Politico does a piece on gentrification/migration in Washington D.C. that points to break up of large concentrations Black neighborhood’s that result in a more intergraded America, but a less potent ‘Blaclk’ vote….That with the Black population of America that IS growing…
More than 50% of it is in the South , Republican country where voters suppression efforts are the strongest….
Washington’s story is, in a sense, just one instance of a nationwide trend: Nine of the 10 American cities with the largest Black populations experienced a decline in Black residents over the past two decades, according to census data analyzed by POLITICO. Among them are cities that for decades have had deep connections to Black politics and culture, including Chicago, Detroit and Philadelphia.
Among cities with the most Black residents, 9 of 10 had decreases since 2000
But D.C. is also special: It was the nation’s first large city with a majority-Black population, a milestone it crossed in the late 1950s amid a mass movement of white residents to the suburbs. Today, a good chunk of the city is still Black, most notably in the Southeast, across the Anacostia River, which divides much of Black Washington from the rest of the city. But the population overall is now almost evenly split between Black and white residents, with small but growing Latino and Asian populations, census data shows. That shift has reverberated in many ways — in the city’s arts and culture; in its street life, most noticeably in Shaw and a handful of other traditional Black cultural districts; and in the city’s politics.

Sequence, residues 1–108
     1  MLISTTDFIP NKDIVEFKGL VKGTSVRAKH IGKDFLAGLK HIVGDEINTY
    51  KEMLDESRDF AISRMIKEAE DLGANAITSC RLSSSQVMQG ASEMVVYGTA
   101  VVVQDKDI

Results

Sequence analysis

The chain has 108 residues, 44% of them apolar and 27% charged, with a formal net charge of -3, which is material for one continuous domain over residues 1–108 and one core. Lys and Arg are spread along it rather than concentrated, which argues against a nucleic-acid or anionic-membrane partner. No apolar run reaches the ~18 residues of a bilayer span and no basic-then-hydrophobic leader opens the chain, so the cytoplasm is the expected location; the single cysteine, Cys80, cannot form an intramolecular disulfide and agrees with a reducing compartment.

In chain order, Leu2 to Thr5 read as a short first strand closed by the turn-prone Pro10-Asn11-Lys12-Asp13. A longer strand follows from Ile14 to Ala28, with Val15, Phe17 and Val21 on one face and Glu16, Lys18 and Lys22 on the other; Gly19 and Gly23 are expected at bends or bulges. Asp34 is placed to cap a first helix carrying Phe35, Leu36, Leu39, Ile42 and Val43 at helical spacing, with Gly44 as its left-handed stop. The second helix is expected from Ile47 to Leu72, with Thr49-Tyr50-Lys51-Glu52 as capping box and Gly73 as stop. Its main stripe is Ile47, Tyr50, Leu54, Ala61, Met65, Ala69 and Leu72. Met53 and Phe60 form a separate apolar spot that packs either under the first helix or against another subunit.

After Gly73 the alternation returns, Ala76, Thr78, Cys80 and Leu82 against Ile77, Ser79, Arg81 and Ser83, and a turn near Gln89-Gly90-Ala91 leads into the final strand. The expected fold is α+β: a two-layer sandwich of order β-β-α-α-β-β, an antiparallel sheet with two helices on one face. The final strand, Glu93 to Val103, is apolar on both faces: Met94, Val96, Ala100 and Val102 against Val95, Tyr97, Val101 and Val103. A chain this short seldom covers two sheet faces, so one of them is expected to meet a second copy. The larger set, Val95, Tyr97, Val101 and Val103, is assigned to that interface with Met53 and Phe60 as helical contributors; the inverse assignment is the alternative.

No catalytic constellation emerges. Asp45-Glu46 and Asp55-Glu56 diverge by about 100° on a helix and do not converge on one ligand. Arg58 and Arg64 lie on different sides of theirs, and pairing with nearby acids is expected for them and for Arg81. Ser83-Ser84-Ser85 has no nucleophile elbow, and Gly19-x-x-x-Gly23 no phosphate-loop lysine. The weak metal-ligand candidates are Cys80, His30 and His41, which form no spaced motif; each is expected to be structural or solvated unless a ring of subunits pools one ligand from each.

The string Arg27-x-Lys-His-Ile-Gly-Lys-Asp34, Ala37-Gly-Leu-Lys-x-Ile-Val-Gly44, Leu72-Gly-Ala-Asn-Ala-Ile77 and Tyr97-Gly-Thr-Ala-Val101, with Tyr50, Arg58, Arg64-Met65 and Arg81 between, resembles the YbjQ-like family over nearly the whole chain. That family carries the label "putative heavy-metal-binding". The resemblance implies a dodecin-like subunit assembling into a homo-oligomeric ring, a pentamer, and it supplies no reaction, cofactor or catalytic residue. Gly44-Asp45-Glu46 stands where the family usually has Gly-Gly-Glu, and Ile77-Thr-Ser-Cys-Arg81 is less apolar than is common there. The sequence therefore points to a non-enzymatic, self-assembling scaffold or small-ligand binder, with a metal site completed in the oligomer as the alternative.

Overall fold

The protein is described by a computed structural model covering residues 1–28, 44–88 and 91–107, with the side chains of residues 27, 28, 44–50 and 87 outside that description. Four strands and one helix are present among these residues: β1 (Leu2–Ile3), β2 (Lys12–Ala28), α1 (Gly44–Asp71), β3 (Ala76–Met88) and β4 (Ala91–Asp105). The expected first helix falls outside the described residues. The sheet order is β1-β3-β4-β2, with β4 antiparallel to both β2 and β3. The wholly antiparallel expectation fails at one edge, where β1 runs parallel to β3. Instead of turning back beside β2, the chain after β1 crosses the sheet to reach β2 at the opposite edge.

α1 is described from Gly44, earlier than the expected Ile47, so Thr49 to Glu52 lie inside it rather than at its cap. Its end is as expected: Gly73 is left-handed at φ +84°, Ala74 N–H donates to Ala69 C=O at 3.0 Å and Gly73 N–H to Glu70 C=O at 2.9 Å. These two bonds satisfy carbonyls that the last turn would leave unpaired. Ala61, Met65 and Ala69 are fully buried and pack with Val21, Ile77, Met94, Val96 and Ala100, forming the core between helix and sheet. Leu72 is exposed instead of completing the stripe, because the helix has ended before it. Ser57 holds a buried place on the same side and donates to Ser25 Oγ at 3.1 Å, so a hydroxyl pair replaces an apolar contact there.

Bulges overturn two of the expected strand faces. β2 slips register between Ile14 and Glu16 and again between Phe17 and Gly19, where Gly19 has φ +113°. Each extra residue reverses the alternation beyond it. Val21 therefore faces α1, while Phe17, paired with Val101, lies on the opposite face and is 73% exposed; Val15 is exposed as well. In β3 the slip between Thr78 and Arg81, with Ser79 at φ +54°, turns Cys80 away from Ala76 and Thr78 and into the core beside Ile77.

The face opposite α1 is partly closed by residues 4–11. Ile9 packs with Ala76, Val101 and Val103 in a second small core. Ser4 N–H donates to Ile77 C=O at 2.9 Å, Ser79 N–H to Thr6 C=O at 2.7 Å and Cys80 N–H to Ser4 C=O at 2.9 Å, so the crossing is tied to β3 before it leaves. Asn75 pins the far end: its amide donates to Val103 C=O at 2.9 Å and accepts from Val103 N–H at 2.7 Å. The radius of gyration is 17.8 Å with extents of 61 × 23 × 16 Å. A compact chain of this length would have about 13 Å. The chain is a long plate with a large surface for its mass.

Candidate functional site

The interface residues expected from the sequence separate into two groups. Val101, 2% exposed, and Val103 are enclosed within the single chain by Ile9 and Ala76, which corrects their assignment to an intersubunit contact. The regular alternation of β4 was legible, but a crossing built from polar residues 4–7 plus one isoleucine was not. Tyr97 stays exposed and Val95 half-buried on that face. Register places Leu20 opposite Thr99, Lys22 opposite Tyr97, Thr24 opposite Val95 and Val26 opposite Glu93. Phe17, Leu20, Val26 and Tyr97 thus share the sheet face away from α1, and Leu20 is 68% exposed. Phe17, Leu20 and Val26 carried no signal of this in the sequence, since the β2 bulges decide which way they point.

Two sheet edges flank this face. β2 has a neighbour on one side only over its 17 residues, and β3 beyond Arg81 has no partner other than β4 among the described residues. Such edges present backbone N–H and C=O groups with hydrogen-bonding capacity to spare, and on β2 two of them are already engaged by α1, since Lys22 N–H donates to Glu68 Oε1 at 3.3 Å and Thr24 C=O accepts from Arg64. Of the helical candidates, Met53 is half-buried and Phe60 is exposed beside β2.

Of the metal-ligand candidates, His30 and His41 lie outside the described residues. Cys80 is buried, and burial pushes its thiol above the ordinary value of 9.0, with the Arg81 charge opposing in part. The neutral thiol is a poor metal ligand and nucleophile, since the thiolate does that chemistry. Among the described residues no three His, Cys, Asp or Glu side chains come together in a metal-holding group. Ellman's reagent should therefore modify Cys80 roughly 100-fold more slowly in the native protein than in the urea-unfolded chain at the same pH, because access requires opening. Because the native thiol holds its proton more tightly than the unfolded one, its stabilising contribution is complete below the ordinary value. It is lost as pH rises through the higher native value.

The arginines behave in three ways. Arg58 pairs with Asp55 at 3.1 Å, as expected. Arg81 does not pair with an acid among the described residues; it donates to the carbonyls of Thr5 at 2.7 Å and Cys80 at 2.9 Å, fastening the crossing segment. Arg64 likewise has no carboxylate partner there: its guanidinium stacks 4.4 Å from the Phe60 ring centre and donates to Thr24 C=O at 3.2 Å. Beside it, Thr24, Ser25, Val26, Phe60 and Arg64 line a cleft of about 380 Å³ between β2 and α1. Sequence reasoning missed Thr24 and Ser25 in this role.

Politically, Washington for decades was a city where, outside the action on Capitol Hill and the White House, “power” meant Black power, with City Hall effectively dominated by the city’s Black residents. Today, that powerbase is sharing influence uneasily with a new constituency, political strategists say, that is younger, often more liberal — and predominantly white. The city has had an unbroken string of Black mayors since it first won self-determination in the early 1970s, but in recent years they have been buoyed by coalitions of Black and white voters and forced to wrangle with a City Council that increasingly represents the interests of well-off, non-Black professionals….
…goals of restoring Black D.C., of stemming the tide of loss, may ultimately be achievable only via a multiracial coalition….